The Obama administration and the Chinese seem to be tentatively moving toward unveiling a possible high-level dialogue to address cyberhacking (as evidenced by a surprise visit to Washington in early September by China’s top law enforcement official and subsequent leaks that Chinese companies would not be sanctioned before Xi’s arrival for cyber theft of intellectual property). Regardless, the cyber-espionage issue does not lend itself to a quick fix and is likely to bedevil the relationship for years to come. The two sides are likely to announce an agreement to establish communications between military aircraft in international airspace to prevent unplanned hostile encounters. There will be some incremental progress building on the major agreement last November between the two presidents on climate change. Not much should be expected to cool tensions in the South China Sea.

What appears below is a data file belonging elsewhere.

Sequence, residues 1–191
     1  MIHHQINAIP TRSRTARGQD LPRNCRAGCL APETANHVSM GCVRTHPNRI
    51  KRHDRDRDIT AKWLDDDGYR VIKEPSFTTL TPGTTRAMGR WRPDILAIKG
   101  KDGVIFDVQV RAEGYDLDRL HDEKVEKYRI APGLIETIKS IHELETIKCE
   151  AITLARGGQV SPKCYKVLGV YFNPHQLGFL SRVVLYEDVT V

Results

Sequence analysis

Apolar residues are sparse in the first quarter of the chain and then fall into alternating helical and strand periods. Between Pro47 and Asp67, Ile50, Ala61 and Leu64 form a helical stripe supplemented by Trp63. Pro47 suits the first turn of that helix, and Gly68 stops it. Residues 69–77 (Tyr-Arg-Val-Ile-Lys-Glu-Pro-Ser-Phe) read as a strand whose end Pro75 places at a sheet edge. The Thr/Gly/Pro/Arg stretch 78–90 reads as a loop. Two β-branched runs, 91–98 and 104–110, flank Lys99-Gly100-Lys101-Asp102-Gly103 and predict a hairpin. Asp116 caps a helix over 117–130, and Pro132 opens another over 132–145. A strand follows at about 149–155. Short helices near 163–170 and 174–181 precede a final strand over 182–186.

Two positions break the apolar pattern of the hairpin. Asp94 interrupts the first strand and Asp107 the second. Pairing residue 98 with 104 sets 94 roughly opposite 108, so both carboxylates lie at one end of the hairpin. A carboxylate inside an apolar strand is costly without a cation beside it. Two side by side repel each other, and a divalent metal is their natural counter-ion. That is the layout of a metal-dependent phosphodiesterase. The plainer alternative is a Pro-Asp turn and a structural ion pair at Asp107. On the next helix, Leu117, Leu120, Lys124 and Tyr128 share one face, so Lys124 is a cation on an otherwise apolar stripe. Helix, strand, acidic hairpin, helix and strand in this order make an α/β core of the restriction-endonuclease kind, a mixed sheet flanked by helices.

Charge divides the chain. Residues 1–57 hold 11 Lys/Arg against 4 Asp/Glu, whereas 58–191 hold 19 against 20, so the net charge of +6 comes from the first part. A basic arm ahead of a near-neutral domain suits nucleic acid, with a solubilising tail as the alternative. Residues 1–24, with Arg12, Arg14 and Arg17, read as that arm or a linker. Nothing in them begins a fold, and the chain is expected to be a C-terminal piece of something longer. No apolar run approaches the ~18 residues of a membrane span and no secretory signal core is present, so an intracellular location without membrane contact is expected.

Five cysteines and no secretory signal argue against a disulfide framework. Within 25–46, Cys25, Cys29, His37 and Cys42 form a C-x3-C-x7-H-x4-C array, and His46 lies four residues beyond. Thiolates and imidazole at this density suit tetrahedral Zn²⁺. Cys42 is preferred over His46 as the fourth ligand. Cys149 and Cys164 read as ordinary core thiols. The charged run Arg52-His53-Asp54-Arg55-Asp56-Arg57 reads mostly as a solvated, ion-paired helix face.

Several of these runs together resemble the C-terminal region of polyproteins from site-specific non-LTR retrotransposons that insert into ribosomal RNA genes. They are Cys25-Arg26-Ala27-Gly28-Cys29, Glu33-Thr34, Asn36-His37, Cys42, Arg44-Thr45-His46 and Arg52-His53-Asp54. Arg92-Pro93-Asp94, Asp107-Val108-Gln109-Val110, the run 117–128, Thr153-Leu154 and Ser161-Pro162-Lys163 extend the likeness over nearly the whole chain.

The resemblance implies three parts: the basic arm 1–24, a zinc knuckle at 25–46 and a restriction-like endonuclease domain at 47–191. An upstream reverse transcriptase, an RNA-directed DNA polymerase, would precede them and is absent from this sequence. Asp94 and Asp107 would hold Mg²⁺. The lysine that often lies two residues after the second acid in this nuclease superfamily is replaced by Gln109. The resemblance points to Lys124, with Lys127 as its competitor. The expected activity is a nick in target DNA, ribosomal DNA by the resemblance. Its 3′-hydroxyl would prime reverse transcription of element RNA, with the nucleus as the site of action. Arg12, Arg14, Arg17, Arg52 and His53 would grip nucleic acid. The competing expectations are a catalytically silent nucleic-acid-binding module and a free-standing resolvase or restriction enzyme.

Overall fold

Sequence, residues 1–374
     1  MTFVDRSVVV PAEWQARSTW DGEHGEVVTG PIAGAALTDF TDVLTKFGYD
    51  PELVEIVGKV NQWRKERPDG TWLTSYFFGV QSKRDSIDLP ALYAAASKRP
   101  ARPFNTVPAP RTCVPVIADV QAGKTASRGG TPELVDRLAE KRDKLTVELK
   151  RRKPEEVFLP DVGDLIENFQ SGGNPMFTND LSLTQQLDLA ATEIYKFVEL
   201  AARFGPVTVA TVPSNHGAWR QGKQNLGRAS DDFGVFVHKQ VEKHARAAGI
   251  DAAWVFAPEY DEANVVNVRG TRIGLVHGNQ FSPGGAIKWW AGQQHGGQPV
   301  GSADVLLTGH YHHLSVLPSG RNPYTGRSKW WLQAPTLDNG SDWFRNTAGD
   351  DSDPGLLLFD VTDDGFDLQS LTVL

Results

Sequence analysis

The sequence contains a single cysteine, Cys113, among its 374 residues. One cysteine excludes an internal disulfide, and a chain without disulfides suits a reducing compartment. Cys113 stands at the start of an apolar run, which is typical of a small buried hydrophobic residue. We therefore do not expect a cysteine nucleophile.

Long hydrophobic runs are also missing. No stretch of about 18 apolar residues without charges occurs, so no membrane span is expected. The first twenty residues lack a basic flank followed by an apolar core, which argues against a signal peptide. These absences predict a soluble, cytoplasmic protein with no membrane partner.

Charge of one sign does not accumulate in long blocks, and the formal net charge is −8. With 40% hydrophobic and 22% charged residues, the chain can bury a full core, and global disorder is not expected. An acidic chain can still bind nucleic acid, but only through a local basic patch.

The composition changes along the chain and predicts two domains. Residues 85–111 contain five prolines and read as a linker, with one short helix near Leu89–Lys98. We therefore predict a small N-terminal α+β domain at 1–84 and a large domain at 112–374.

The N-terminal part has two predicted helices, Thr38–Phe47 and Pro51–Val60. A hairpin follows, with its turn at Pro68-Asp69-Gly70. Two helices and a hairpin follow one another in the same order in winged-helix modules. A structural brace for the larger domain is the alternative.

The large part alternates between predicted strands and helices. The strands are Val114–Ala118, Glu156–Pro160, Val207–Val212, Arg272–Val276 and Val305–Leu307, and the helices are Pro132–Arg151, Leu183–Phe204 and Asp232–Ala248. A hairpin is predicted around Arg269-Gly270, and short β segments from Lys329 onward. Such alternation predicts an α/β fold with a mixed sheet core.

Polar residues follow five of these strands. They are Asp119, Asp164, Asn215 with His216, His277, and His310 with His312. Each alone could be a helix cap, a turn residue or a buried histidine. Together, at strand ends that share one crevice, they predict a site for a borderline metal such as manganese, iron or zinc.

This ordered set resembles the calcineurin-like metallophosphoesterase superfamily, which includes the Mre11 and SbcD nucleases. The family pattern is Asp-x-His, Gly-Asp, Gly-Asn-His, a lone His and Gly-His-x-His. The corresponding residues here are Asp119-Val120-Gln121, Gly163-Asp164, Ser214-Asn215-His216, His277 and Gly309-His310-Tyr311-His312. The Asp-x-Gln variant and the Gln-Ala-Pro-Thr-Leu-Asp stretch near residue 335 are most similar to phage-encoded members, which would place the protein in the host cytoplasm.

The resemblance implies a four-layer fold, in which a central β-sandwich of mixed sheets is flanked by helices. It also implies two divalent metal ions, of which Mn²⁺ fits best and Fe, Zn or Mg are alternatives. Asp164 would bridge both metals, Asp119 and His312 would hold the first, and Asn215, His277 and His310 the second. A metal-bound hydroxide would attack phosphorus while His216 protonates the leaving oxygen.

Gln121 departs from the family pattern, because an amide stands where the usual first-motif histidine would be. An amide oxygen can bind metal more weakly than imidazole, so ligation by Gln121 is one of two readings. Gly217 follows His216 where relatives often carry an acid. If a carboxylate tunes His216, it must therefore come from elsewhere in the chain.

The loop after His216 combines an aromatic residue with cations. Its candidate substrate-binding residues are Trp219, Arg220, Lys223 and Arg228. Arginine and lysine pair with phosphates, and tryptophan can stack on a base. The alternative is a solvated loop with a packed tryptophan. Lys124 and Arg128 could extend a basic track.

The two presidents should have a serious strategic dialogue in private on the most important global issues that we face: the Iran nuclear program; counterterrorism in Iraq and Syria; Afghanistan; Russia and Ukraine; and cross-Taiwan Strait relations. They need clarity about how they each think about these issues, the possibilities of cooperation, and the risks of conflict. With Washington dealing with a Middle East marked by chaos and an Eastern Europe facing Russian belligerence, President Obama does not want to see the U.S.-China relationship develop into a third front of tensions. A sharing of strategic perspectives that reveals a common or at least parallel approach to maintaining global stability should help prevent that.